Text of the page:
Friday, September 9, 2011

Rookie to watch, Dylan 'Super" Ababou of Barako Bull

‘Super Ababou’ would be Dylan Ababou, the Most Valuable Player of Season 72 of the UAAP. He led the league in scoring that year with 18.9 points per game, and added 7.1 rebounds and 2.2 assists.

“We have Super Ababou.”

After the UST Growling Tigers made the UAAP playoffs in 2009, the team’s coach Pido Jarencio explained to the media how his unheralded squad made it to the final four.

Coming off the moment of his greatest triumph, few would have blamed Ababou if he chose to join the PBA. But that same year saw the genesis of the SMART-Gilas Pilipinas national team, and the rare opportunity to represent the flag internationally was something he could not pass up over turning pro.

Instead of getting valuable floor time, however, Ababou found himself nailed to the SMART-Gilas bench for most of the next two years. For the former UST superhero, his stint with the national team has been one long Kryptonite convention.

“SUPER ABABOU” — DOES he even like being called that?

“Okay lang, kasi nakasalamin ako, Clark Kent nga daw ako,” said Ababou in jest. The ex-King Tiger is known for his quick wit as the clown prince of SMART-Gilas.

Ababou was candid enough to express his disappointment over his lack of playing time during his national team stint.

“Actually, laging masama yung loob ko,” he said. “Kahit si [SMART-Gilas] coach [Rajko Toroman] mismo, alam niya masama ang loob ko, pero nagiging professional na lang ako. Hindi na lang ako nagrereklamo. ‘Pag pinasok ako ni Coach, binibigay ko na lang yung best ko.”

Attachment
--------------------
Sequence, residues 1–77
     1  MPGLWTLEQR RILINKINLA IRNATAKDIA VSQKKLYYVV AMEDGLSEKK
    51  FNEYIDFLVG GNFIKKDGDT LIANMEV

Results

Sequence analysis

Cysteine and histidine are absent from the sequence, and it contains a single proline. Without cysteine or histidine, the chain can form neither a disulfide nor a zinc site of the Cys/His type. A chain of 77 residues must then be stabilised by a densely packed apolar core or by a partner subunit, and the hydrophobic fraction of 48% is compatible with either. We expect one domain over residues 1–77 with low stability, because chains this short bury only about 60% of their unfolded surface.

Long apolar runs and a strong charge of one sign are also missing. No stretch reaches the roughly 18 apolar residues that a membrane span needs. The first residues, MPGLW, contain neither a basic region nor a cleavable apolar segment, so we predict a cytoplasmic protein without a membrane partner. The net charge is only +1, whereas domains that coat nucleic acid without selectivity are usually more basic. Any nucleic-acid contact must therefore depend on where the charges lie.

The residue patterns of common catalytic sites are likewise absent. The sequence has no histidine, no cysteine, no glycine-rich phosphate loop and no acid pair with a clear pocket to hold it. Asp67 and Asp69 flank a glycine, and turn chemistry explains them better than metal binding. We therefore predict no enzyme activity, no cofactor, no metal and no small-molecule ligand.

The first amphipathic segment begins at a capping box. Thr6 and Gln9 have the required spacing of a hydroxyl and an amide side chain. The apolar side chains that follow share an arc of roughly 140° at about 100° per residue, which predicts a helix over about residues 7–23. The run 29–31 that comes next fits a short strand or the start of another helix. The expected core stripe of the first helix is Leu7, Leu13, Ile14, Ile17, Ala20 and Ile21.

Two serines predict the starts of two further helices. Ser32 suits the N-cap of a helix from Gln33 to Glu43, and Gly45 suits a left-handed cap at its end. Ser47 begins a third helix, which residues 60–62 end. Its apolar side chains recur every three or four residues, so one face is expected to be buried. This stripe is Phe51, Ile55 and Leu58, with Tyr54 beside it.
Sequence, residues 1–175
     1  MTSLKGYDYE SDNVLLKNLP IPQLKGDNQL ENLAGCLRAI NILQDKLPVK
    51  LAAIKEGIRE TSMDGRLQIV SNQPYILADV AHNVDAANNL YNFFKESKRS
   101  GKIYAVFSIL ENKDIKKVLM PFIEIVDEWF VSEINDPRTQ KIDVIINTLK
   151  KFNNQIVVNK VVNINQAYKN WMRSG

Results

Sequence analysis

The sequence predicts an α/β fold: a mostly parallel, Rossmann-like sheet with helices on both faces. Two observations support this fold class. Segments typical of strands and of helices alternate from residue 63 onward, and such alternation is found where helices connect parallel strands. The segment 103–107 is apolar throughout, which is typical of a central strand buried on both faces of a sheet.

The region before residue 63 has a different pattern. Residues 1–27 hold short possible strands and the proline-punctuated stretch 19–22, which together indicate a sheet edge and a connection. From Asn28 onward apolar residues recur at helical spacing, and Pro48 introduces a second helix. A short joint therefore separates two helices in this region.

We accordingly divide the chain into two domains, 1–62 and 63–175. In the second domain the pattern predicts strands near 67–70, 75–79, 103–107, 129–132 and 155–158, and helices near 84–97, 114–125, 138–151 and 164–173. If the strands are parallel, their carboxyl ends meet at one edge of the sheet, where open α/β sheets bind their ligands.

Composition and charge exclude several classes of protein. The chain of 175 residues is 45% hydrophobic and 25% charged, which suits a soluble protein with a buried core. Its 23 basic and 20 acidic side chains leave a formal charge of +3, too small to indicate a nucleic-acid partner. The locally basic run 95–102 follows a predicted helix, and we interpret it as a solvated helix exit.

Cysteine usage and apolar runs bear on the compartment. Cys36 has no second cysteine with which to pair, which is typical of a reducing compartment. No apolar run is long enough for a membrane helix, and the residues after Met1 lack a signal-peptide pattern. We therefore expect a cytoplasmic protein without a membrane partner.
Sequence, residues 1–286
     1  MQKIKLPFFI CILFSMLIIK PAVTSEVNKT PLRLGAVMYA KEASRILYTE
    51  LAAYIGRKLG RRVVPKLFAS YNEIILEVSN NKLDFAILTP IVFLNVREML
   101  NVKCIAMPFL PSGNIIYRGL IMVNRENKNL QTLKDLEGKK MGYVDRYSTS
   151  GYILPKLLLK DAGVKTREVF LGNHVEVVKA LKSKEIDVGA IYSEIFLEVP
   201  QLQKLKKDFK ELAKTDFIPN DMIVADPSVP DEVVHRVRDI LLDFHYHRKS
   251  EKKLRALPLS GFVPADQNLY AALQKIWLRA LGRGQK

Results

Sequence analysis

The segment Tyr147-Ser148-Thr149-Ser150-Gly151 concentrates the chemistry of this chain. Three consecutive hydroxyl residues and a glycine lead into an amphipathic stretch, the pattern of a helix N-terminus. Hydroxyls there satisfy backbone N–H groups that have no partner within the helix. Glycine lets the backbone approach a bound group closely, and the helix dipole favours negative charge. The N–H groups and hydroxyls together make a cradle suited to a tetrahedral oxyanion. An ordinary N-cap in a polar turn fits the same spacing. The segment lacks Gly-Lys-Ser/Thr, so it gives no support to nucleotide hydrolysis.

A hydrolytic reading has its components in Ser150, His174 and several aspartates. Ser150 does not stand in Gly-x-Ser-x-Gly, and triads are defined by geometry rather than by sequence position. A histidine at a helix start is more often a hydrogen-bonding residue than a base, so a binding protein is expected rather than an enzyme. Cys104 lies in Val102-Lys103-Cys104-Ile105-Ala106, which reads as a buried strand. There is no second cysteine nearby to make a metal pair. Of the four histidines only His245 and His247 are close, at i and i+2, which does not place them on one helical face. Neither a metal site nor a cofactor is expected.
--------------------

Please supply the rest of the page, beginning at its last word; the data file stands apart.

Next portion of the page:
Ababou had once been projected as a vital member of the SMART-Gilas rotation. But the addition of more seasoned wing players to the team such as US NCAA Division I players Chris Lutz and Marcio Lassiter, and later, veteran shooting guard Dondon Hontiveros, meant that the former UAAP MVP had to settle for being just a third stringer.

“Nung dumating lang si Lutz and Lassiter kumbaga, mas nagtiwala si Coach Rajko sa kanila, tapos sila na yung ginamit,” Ababou noted.

Despite that, Ababou doesn’t see himself, skills- or talent-wise, as being far behind his more illustrious teammates.

“More experienced sila sa akin, Pero sa tingin ko, hindi naman [kami] masyado sobrang malayo,” he said “‘Di ko lang alam bakit talaga ako hindi ginagamit ni Coach.”

Still, he can’t help but find humor and irony in his situation.

“Sobrang hirap yun, kasi dati [sa UST], magkanda-puli-pulikat na ‘ko, hindi pa rin ako linalabas,” he said. “Tapos ngayon, pinupulikat na yung puwet ko sa bench.”

DESPITE A STERLING COLLEGE basketball career, his stint as a SMART-Gilas benchwarmer put Ababou out of heart and out of mind. You’re only as good as your last game, people say, and because the only playing time he got for most of his national team stint came during garbage time at the end of blowouts, Ababou’s stock in the 2011 PBA Rookie Draft plummeted.

He was drafted by Barako Bull at No. 10 — the last SMART-Gilas player to be taken. Picked ahead of him were players who had less-heralded college careers, Reil Cervantes and Allein Maliksi, who once served as a mere backup for ‘Super Ababou’ in UST.